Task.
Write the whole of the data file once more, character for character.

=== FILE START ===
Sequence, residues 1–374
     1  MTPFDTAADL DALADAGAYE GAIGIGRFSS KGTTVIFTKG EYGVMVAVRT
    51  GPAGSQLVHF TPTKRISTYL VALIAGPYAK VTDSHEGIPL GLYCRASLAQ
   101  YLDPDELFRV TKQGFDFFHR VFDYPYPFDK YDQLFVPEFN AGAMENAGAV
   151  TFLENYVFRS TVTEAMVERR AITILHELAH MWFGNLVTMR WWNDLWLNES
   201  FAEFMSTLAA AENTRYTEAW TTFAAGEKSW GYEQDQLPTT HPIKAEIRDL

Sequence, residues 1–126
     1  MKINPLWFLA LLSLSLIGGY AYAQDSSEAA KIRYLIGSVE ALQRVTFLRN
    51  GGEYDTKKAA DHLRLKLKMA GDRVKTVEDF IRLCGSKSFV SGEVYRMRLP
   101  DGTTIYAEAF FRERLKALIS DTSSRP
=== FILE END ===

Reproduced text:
Sequence, residues 1–374
     1  MTPFDTAADL DALADAGAYE GAIGIGRFSS KGTTVIFTKG EYGVMVAVRT
    51  GPAGSQLVHF TPTKRISTYL VALIAGPYAK VTDSHEGIPL GLYCRASLAQ
   101  YLDPDELFRV TKQGFDFFHR VFDYPYPFDK YDQLFVPEFN AGAMENAGAV
   151  TFLENYVFRS TVTEAMVERR AITILHELAH MWFGNLVTMR WWNDLWLNES
   201  FAEFMSTLAA AENTRYTEAW TTFAAGEKSW GYEQDQLPTT HPIKAEIRDL

Sequence, residues 1–126
     1  MKINPLWFLA LLSLSLIGGY AYAQDSSEAA KIRYLIGSVE ALQRVTFLRN
    51  GGEYDTKKAA DHLRLKLKMA GDRVKTVEDF IRLCGSKSFV SGEVYRMRLP
   101  DGTTIYAEAF FRERLKALIS DTSSRP